Siri talks to Siri on Apple Watch, Alexa uses a Dimmer and Google Assistant prefers an App to control Smart Lighting.

Smart lighting offers various ways to be controlled. Some initially appear traditional, like a simple light switch, but the options we nowadays have to switch to our preferred lighting scenes, go way beyond only turning lights on and off.

For a general introduction to smart lighting, see: Introduction to Smart Lighting: A Very Brief History of Light.

In this post, we look into the different options of controlling smart lighting, taking Philips Hue as an example. We will cover programming schedules and rules, as well as apps and switches and of course voice control.

Automated Control

Everybody has different preferences when it comes to controlling lights. The easiest way to interact with smart lighting is not to interact with it at all. Once we have programmed our routines, smart things will happen automatically.

For location-based programming with geo-fencing and motion sensors, see the Presence controlled Smart Lighting post.

In the posts Sleeping Better with Smart Lighting and Natural Smart Lighting, we look into programming schedules and timers, which work automatically and don’t need any additional interaction from your end.

Manual Control

Apart from initially setting your lights up and occasionally tweaking your settings, smart lighting does not need manual control. However, it’s always good to have a fallback, in case you occasionally want to deviate from the programmed routines.

Control Smart Lighting with an App

We associate the “smartness” of devices with our ability to pull out the smartphone, open an app and control our lighting by selecting scenes in configured rooms, changing color and brightness to our liking. Though this approach still gives you the most flexibility in what you can control, it is by far the most inefficient. Anyway, we have to become familiar with these apps, to program our smart devices to work automatically.

Apple Home Control Center

Some apps offer widgets – e.g. Apple Home app even offers a control center integration – to reduce the swipes and taps required to activate a scene or control a smart device.

Still, having to pull out your smartphone or fumbling with an Apple Watch app to control your home, wears off pretty quickly and works mostly only for you and not your family and guests.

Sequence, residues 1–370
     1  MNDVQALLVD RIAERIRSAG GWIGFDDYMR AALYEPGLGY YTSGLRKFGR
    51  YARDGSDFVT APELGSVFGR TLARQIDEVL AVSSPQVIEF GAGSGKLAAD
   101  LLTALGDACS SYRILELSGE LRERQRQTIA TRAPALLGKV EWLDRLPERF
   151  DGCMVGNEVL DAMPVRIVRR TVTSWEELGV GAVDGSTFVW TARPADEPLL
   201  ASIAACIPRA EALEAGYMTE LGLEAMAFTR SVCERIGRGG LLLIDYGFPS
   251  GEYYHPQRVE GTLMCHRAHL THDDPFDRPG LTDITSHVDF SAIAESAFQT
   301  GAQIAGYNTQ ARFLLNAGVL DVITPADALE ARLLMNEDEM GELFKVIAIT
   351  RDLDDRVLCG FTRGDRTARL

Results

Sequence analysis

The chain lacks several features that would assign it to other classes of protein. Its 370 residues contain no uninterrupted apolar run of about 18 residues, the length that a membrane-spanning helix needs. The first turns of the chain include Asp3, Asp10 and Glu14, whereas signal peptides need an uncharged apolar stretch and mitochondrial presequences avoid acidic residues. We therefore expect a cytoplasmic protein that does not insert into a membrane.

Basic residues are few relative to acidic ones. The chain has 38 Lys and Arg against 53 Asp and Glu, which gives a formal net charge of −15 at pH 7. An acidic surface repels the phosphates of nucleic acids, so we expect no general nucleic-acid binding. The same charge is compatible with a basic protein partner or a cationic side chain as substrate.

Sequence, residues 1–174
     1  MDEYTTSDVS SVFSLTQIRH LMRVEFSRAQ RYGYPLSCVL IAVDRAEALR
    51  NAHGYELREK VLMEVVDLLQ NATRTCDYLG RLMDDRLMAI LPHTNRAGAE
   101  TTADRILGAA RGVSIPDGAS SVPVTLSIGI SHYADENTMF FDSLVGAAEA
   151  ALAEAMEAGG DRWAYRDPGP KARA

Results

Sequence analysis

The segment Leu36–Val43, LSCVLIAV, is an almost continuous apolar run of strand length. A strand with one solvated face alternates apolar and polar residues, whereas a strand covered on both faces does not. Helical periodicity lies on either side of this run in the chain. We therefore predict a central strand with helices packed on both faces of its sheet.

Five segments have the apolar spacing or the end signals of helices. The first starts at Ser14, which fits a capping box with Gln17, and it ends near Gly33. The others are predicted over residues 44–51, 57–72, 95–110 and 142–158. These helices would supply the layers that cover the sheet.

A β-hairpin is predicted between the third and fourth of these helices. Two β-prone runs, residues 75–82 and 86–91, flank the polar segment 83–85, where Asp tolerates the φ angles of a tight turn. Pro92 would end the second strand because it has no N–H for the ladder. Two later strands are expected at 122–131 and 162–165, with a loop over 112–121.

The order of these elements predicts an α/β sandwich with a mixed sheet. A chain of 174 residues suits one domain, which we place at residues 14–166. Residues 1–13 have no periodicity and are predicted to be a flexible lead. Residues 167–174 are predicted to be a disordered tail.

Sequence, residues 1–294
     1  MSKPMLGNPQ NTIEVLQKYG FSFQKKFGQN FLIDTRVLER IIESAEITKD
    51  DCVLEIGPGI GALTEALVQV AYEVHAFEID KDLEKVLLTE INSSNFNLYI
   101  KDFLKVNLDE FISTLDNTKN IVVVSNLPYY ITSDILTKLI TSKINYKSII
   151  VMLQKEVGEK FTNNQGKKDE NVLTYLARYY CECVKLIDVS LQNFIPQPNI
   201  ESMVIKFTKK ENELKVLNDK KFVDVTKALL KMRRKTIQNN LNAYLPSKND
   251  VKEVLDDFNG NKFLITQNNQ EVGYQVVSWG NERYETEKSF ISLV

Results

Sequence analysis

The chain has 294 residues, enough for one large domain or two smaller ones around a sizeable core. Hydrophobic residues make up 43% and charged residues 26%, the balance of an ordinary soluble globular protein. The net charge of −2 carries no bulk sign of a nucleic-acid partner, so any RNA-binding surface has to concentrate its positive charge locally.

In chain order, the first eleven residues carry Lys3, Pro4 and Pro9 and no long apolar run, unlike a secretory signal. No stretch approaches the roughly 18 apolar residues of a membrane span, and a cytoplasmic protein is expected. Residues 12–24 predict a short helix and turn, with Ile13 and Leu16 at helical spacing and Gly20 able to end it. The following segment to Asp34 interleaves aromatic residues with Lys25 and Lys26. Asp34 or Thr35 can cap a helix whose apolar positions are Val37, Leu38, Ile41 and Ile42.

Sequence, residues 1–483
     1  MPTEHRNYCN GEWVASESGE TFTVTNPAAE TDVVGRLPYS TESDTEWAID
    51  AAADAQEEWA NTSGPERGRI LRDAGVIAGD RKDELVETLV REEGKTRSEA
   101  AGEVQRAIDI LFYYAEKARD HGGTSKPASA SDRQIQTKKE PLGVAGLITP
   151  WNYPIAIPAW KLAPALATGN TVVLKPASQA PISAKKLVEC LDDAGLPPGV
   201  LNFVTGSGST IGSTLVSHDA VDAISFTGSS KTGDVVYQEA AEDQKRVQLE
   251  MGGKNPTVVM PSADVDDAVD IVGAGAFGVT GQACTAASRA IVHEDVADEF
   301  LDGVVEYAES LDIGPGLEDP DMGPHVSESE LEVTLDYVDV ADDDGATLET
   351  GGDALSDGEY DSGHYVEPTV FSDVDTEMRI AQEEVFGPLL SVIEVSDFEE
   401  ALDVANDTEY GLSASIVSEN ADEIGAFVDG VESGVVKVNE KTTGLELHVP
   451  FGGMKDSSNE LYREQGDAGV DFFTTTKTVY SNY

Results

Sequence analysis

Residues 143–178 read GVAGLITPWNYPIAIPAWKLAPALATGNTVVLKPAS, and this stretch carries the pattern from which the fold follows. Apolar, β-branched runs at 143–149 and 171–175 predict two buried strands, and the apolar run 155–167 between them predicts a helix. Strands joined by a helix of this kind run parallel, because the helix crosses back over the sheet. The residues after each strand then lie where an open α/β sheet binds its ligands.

Use your smart home apps only to program your lights to the maximum extent. There are more efficient ways to control smart lighting.

Control Smart Lighting with a Switch

iConnectHue Dimmer Settings
iConnectHue Dimmer Settings

Resembling traditional light switches, smart taps and dimmers offer you, your family and guests traditional control over your smart lighting.

Additionally, you have the option to program what happens when you click multiple times or press and hold a button as well as defining time slots in which a button click triggers a specific lighting scene.

You can switch through your “energize”, “concentrate”, “read”, “relax” scenes by repeatedly clicking a button or you can program that a click between 6:00 and 11:00 triggers “energize”, between 11:00 and 16:00 “concentrate” and so on. For a full configuration, see our Natural Smart Lighting post.

Last but not least, if your switch is HomeKit compatible – like the Philips Hue Dimmer in our example – you can control any HomeKit device with it. In this case, you need to create the automations in your Apple Home app.

Voice Control

There is a good reason, why we are focusing on voice control in our Assistants posts. There is no need to look for your smartphone or head over to a smart switch to control your smart lighting. Our quickest and most natural way to control smart lighting is to tell Siri, Alexa or Google Assistant, to which scene of the many it should switch to. In case you feel like you need that too often, make sure you optimize your automations.

Conclusion

A combination of programmed automatic control through schedules, which run throughout day and night, together with voice control, in case you occasionally prefer something different is definitely the most efficient setup for you and your smart home. Having taps and dimmers programmed and in place, gives you, your family and guests a traditional fallback in case your assistant is on strike.

An ideal setup requires some planning and preparation, but it quickly pays off, once the system runs the way you have envisioned it.

How do you control your smart lighting? Share your experience or drop your questions below.

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